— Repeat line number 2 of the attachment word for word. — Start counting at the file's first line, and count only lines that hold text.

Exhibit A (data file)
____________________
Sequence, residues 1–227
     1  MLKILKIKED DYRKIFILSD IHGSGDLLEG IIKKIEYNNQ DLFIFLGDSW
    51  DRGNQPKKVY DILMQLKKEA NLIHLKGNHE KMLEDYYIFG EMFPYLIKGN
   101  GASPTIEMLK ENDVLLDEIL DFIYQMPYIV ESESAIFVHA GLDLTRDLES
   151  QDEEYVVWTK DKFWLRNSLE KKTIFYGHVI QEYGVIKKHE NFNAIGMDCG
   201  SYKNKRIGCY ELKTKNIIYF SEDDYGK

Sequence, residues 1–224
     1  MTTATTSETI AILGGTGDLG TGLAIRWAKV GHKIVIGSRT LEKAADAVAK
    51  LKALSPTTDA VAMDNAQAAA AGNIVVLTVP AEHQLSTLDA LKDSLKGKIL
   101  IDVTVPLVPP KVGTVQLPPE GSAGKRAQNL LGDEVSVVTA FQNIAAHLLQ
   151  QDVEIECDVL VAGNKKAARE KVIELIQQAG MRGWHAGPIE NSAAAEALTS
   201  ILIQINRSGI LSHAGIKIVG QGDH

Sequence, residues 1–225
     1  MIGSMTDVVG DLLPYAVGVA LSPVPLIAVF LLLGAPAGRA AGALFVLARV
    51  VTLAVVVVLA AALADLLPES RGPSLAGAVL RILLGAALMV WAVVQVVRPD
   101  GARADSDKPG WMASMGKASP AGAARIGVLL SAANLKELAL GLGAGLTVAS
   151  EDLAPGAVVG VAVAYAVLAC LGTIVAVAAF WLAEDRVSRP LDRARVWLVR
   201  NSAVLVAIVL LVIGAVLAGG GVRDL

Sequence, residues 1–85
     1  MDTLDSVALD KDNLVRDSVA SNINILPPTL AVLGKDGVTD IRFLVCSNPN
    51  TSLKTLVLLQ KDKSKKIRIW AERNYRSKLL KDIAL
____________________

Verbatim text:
     1  MLKILKIKED DYRKIFILSD IHGSGDLLEG IIKKIEYNNQ DLFIFLGDSW